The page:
46. Nasab, H. S., & Taki, S. (2016). Effect of MALL in blended learning on Iranian EFL learners’ reading comprehension. Modern Journal of Language Teaching Methods, 6(1), 854–869. Retrieved from
  47. O’Malley, J. M., & Chamot, A. U. (1990). Learning strategies in second language acquisition. New York, NY: Cambridge University Press.CrossRefGoogle Scholar
  48. Oxford, R. L. (1990). Language learning strategies: What every teacher should know. Boston, MA: Heinle, Cengage Learning.Google Scholar
  49. Park, H.-R. (2012). Four English language learners’ experiences and strategy use in learning environments of multiliteracies (Unpublished doctoral dissertation). University of South Florida, FL.Google Scholar
  50. Park, H.-R. (2017). Influences of reading online texts in Korean English language learners’ cultural identities. The Journal of Educational Research, 111(4), 385–397. Scholar
  51. Park, H.-R., & Kim, D. (2011). Reading-strategy use by English as a second language learners in online reading tasks. Computers & Education, 57(3), 2156–2166. Scholar
  52. Park, H.-R., & Kim, D. (2016). English language learners’ strategies for reading computer-based texts at home and in school. CALICO Journal, 33(3), 380–409. Scholar
  53. Park, H.-R., & Kim, D. (2017). English language learners’ strategies for reading online texts: Influential factors and patterns of use at home and in school. International Journal of Educational Research, 82, 63–74. Scholar
  54. Patton, M. Q. (2002). Qualitative research and evaluation methods. Thousand Oaks, CA: Sage Publications.Google Scholar
  55. Pew Research Center. (2015). Technology device ownership: 2015. Retrieved from
  56. Rosenblatt, L. M. (1978). The reader, the text, the poem: The transactional theory of the literary work. Carbondale, IL: Southern Illinois University Press.Google Scholar
  57. Rosenblatt, L. M. (1982). The literacy transaction: Evocation and response. Theory into Practice, 21(4), 268–277. Retrieved from Scholar
  58. Rumelhart, D. E. (1980). Schemata: The building blocks of cognition. In R. J. Spiro, B. C. Bruce, & W. F. Brewer (Eds.), Theoretical issues in reading comprehension: Perspectives from cognitive psychology, linguistics, artificial intelligence, and education (pp. 33–58). Hillsdale, NJ: Lawrence Erlbaum Associates.Google Scholar
  59. Shimray, S. R., Keerti, C., & Ramaiah, C. K. (2015). An overview of mobile reading habits. DESIDOC Journal of Library & Information Technology,35(5), 343–354. Scholar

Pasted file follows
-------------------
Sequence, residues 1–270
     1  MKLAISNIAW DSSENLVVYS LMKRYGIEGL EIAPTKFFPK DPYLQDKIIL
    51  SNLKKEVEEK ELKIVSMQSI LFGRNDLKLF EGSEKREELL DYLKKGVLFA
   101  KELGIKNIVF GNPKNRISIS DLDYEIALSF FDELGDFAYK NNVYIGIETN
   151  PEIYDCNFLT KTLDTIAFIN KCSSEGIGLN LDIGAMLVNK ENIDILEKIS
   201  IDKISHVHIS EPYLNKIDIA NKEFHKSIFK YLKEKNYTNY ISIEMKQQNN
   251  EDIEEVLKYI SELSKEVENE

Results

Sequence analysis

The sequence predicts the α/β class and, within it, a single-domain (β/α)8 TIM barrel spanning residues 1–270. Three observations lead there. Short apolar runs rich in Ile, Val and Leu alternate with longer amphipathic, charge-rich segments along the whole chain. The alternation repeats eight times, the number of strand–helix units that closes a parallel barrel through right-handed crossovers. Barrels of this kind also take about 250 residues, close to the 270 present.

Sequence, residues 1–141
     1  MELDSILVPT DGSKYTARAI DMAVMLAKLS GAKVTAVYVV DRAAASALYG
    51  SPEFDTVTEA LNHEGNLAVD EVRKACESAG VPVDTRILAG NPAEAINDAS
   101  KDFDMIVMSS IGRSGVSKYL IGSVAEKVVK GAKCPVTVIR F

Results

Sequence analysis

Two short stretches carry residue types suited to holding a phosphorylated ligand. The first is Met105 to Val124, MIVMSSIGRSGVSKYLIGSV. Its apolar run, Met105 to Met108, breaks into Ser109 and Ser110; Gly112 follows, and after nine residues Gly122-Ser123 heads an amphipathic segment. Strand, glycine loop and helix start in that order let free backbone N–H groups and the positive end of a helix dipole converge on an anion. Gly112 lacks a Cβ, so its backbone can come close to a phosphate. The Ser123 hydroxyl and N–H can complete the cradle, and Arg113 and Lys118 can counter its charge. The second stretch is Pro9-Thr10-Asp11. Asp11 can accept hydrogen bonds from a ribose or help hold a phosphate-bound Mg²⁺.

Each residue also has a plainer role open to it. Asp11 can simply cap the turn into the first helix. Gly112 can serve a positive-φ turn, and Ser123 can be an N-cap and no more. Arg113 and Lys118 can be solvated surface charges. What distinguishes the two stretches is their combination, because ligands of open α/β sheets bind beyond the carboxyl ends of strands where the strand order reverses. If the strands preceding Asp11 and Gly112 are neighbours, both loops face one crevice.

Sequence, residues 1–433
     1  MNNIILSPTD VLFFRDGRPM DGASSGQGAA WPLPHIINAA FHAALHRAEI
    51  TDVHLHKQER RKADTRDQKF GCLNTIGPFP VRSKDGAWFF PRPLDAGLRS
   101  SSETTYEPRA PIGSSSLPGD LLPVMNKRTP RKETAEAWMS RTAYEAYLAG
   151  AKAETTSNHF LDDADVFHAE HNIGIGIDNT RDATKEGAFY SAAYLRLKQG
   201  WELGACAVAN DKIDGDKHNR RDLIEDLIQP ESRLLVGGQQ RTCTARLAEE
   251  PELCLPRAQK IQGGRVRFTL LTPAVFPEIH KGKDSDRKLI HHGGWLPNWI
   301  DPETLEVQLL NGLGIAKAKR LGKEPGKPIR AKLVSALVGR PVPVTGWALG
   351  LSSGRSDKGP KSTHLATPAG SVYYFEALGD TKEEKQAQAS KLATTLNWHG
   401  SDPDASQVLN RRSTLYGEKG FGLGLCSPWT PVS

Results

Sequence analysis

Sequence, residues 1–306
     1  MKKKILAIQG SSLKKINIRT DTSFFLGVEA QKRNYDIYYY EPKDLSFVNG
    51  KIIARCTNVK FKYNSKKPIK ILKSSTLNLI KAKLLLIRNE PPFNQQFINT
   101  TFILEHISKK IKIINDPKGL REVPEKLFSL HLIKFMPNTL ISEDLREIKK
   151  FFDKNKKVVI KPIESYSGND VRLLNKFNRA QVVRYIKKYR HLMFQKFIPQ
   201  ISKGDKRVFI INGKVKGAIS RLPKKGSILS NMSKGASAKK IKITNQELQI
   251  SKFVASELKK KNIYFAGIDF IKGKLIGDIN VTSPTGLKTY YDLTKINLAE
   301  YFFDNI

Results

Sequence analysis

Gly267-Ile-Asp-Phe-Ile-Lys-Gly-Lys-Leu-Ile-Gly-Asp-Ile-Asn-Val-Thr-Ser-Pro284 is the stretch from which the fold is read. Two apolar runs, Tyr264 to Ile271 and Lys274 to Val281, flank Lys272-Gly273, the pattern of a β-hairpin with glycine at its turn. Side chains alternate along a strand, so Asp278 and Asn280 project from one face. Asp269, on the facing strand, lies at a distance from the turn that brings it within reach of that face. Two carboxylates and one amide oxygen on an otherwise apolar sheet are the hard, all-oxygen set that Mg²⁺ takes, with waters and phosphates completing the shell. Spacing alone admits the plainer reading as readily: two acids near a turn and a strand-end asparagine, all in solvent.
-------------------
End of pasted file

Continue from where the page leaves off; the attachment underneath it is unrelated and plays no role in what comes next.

60. Short, P. M., Greer, J. T., & Melvin, W. M. (1994). Creating empowered schools: Lessons in change. Journal of Educational Research,32(4), 38–52. Scholar
  61. Thornton, P., & Houser, C. (2005). Using mobile phones in English education in Japan. Journal of Computer Assisted learning,21, 217–228. Scholar
  62. Tingir, S., Cavlazoglu, B., Caliskan, O., Koklu, O., & Intepe-Tingir, S. (2017). Effects of mobile devices on K-12 students’ achievement: A meta-analysis. Journal of Computer Assisted learning,33(4), 355–369. Scholar
  63. van Lier, L. (2004). The ecology and semiotics of language learning: A sociocultural perspective. Norwell, MA: Kluwer.CrossRefGoogle Scholar
  64. Viswanathan, P. (2017). What is a mobile device? Retrieved from
  65. Vygotsky, L. S. (1978). Mind in society: The development of higher psychological processes. Cambridge, MA: Harvard University Press.Google Scholar
  66. Wallace, R. M., Kupperman, J., Krajcik, J., & Soloway, E. (2000). Science on the web: Students online in a sixth-grade classroom. The Journal of the Learning Science,9(1), 75–104. Scholar
  67. Wang, S., & Smith, S. (2013). Reading and grammar learning through mobile phones. Language Learning & Technology, 17(3), 117–134. Retrieved from
  68. Ware, P., Kern, R., & Warschauer, M. (2016). The development of digital literacies. In R. M. Manchón & P. K. Matsuda (Eds.), Handbook of second and foreign language writing (pp. 307–328). Boston/Berlin: Walter de Gruyter.Google Scholar
  69. Williams, L., & Guikema, J. P. (Eds.). (2014). Digital literacies in foreign and second language education. San Marcos, TX: Computer Assisted Language Instruction Consortium (CALICO).Google Scholar

Copyright information

© Springer Science+Business Media, LLC, part of Springer Nature 2019

Authors and Affiliations

  1. 1.Department of English and PhilosophyMurray State UniversityMurrayUSA
  2. 2.Lynch School of EducationBoston CollegeChestnut HillUSA
  3. 3.Department of Academic Literacy and LinguisticsBorough of Manhattan Community CollegeNew YorkUSA

Personalised recommendations